The Distinguished University Professor title is awarded permanently to no more than three exceptional faculty per year. The title recognizes accomplishments in research, scholarly or creative work, teaching, and service that are both distinguished and distinctive. The Office of Academic Affairs awards honored faculty an annual budget of $10,000 for a period of three years to support their academic work. Honorees are expected to continue a regular program of teaching, research, scholarly or creative work, and service.
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Avner Friedman, a professor of mathematical and physical sciences at Ohio State for the past six years, is well known at the university as a skilled teacher and mentor for students of all levels.
Friedman’s main research focus is in partial differential equations, an area in which he has helped develop the theories and models currently used to analyze a wide class of problems. He has published more than 400 research articles and 20 books. In addition, he has given hundreds of invited lectures and served on more than a dozen editorial boards and numerous scientific advisory committees.
One of Friedman’s greatest accomplishments is the creation of the Mathematical Biosciences Institute, one of the biggest and best programs of its kind today. He has served as director of the institute since its creation in 2002.
The primary goal of the MBI is to develop mathematical theories, statistical methods and computational algorithms to solve fundamental problems in the biosciences. It is designed to involve mathematical scientists and bioscientists in the solutions of these problems and to nurture a community of scholars in mathematical biosciences.
Friedman’s work with the MBI has made him one of the most visible applied mathematicians in the world and he is well respected among his colleagues.
“He has influenced generations of mathematicians with his ideas, results and programs. His boundless energy and vision have led to the creation of a national institute that has made Ohio State the top university in mathematical biosciences,” a colleague said.
Friedman received his master’s and Ph.D. in mathematics at Hebrew University.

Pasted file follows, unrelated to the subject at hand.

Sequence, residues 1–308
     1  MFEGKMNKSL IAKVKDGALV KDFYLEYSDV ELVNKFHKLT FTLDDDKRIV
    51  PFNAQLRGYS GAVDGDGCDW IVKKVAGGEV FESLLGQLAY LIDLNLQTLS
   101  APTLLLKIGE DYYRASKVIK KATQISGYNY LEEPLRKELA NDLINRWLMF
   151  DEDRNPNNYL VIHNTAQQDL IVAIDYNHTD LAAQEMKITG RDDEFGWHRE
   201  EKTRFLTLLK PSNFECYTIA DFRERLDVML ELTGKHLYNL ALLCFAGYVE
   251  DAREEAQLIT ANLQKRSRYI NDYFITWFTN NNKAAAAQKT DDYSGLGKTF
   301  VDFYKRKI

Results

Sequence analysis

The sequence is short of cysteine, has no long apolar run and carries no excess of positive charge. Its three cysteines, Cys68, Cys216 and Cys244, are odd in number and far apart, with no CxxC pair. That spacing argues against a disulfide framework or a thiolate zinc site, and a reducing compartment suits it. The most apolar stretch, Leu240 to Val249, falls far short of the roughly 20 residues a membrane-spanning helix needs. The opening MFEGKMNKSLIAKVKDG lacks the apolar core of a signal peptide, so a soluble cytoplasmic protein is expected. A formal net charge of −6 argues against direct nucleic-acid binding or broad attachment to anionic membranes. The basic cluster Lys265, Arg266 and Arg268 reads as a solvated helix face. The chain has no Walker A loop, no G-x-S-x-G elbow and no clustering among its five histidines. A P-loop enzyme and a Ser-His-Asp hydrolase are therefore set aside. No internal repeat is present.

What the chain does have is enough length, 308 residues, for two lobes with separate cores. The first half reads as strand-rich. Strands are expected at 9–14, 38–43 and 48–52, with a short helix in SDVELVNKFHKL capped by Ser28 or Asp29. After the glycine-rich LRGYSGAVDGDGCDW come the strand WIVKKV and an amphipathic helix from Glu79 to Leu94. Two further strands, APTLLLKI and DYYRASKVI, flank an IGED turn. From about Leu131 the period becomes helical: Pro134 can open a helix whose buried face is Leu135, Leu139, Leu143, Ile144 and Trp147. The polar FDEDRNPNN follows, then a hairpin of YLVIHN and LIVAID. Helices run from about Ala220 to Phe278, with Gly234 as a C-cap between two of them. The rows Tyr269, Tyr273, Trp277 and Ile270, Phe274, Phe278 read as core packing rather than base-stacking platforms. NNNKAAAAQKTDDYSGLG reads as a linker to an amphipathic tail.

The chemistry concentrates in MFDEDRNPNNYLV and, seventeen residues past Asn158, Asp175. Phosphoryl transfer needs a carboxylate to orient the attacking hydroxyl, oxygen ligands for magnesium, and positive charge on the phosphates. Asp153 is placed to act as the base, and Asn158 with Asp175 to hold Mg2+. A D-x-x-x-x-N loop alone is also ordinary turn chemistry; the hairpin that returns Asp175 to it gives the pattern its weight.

Geoffrey Parker, the Andreas Dorpalen Professor of History at Ohio State since 1997, has been described by his colleagues as “unquestionably one of the outstanding historians of his generation.”
His exceptional record of publications includes 33 books — many of them translated into foreign languages — 11 review articles, 88 other articles and book chapters and more than 170 book reviews in the fields of European history, military history and world history. He has received the Alumni Award for Distinguished Teaching and two knighthoods from the Spanish government for his many contributions to the advancement of historical understanding.
The enduring quality and numerous translations of Parker’s works can be traced to his “symmetrical” approach to historical writing. In other words, not only did Parker study in the archives and libraries of Spain and its allies, but he also researched in those of its enemies.
“He is, in short, one of the most widely read, respected and admired early modern European historians at work today,” a colleague said.
Parker’s ambitious agenda of research and writing is complemented by an impeccable service record. At Ohio State, he served for four years on the Campus Oversight Committee on International Affairs and was the only faculty member on its standing committee. He also has served on the Mershon Center’s Advisory Committee and the Oversight Committee of the Humanities Institute. For the past three years he chaired the Promotion and Tenure Committee of the History Department.
On the international scene, Parker is a fellow of the British Academy, the highest honor for scholars in the humanities and social sciences. He is also a fellow of the Royal Historical Society, the Netherlands Academy of Arts and Sciences, the Spanish American Academy of Arts and Sciences of Cadiz and the Royal Academy of History (Madrid). He is frequently summoned as a consultant for academic and professional panels in Europe.
“He is an outstanding scholar, with a body of work that is impressive in both its scale and its high level of intellectual distinction. He is not someone who sacrifices quality for quantity; he gives us both,” a colleague said.
Parker received his master’s, Ph.D. and Litt. D. in history from Cambridge University.
2007 Distinguished University Professor